The Eurasian Plate is a tectonic plate which includes most of the continent of Eurasia (a landmass consisting of the traditional continents of Europe and Asia), with the notable exceptions of the Indian subcontinent, the Arabian subcontinent, and the area east of the Chersky Range in East Siberia. It also includes oceanic crust extending westward to the Mid-Atlantic Ridge and northward to the Gakkel Ridge.
This article needs additional citations for verification. (March 2011)
|Approximate area||67,800,000 km2 (26,200,000 sq mi)|
|Speed1||7–14 mm (0.28–0.55 in)/year|
|Features||Europe, Asia, Atlantic Ocean, Arctic Ocean|
|1Relative to the African Plate|
The eastern side is a boundary with the North American Plate to the north and a boundary with the Philippine Sea Plate to the south and possibly with the Okhotsk Plate and the Amurian Plate. The southerly side is a boundary with the African Plate to the west, the Arabian Plate in the middle and the Indo-Australian Plate to the east. The westerly side is a divergent boundary with the North American Plate forming the northernmost part of the Mid-Atlantic Ridge, which is straddled by Iceland. All of the volcanic eruptions in Iceland, such as the 1973 eruption of Eldfell, the 1783 eruption of Laki, and the 2010 eruption of Eyjafjallajökull, are caused by the North American and the Eurasian Plates moving apart, which is a result of divergent plate boundary forces. The Himalayan mountain range and Tibetan plateau have formed as a result of the collision between the Indian Plate and Eurasian Plate which began 50 million years ago and continues today.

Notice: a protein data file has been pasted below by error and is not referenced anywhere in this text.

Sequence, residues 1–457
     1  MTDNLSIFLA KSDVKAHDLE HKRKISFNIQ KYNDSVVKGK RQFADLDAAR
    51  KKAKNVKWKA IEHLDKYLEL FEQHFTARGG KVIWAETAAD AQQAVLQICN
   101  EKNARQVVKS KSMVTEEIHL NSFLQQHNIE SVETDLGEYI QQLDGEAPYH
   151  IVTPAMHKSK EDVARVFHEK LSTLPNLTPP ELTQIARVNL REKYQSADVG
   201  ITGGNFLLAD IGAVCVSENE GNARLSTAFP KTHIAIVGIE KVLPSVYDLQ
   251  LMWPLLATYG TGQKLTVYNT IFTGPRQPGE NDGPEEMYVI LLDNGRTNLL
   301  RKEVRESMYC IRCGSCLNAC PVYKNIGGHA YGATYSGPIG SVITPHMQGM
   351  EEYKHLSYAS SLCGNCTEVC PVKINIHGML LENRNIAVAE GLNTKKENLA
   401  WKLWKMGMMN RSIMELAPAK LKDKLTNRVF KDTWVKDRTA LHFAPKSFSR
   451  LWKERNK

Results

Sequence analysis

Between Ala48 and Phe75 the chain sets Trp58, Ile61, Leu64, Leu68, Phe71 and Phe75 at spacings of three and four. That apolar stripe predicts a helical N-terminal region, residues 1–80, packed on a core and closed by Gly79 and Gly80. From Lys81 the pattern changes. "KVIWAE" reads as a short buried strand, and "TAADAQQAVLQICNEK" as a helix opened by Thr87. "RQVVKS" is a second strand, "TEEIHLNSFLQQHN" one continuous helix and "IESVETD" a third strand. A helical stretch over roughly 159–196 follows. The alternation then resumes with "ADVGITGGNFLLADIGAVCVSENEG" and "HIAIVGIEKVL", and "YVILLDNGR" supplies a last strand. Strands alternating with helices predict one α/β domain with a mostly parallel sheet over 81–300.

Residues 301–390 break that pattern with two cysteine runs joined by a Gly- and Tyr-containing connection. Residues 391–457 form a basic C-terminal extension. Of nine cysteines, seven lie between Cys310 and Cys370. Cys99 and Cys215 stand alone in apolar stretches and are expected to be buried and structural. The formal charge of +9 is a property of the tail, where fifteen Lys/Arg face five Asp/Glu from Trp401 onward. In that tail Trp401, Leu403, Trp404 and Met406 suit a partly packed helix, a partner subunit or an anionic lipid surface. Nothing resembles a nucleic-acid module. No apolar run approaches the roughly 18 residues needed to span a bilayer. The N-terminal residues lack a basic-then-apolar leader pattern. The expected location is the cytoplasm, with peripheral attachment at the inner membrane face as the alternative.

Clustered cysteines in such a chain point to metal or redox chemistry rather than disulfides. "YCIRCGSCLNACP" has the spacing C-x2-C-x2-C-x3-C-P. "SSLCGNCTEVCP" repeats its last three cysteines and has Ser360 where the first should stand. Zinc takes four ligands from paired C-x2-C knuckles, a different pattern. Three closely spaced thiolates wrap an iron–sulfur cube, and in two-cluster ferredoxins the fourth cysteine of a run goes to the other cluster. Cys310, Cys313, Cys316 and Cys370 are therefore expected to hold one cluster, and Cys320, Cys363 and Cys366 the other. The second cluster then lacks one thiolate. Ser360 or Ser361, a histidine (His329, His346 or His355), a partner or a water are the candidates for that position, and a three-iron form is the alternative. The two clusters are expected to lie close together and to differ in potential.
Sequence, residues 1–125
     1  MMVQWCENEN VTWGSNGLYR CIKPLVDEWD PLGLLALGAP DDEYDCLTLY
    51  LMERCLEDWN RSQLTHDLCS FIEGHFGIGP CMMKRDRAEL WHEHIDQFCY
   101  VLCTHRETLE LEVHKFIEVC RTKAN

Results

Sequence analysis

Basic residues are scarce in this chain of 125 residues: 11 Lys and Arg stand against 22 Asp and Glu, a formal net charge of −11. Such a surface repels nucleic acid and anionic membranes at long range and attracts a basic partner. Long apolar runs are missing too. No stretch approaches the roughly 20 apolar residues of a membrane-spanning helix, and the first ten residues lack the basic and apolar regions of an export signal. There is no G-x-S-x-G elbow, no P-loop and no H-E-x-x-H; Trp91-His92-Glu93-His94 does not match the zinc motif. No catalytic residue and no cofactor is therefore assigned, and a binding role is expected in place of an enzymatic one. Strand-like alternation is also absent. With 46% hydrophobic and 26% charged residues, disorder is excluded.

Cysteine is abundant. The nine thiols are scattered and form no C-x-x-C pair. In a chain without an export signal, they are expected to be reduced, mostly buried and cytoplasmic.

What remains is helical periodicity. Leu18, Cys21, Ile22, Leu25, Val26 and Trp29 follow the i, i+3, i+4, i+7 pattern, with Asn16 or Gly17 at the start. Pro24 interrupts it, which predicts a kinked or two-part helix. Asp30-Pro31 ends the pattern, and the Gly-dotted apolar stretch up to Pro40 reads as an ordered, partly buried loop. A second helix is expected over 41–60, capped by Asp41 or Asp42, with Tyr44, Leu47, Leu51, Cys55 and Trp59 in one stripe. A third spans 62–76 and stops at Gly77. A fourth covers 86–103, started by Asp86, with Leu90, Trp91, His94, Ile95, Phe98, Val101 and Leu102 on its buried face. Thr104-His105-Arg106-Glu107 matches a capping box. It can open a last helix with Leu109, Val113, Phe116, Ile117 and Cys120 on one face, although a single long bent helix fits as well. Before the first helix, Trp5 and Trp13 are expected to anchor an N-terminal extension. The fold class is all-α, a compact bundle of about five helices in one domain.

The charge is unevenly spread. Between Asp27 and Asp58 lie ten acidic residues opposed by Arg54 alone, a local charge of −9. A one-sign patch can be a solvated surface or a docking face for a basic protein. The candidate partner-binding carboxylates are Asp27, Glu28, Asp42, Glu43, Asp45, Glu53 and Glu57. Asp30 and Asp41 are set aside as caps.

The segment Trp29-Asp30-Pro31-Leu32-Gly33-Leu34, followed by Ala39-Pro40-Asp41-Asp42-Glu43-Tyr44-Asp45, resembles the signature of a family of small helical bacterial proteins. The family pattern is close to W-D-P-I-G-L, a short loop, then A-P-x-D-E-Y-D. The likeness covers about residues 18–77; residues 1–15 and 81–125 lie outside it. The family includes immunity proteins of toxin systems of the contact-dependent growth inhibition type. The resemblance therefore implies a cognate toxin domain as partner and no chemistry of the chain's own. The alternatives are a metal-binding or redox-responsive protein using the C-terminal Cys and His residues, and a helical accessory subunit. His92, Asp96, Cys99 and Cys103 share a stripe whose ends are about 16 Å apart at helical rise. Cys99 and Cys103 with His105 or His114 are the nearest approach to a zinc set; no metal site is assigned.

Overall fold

The geodynamics of central Asia is dominated by the interaction between the Eurasian and Indian Plates. In this area, many subplates or crust blocks have been recognized, which form the Central Asian and the East Asian transit zones.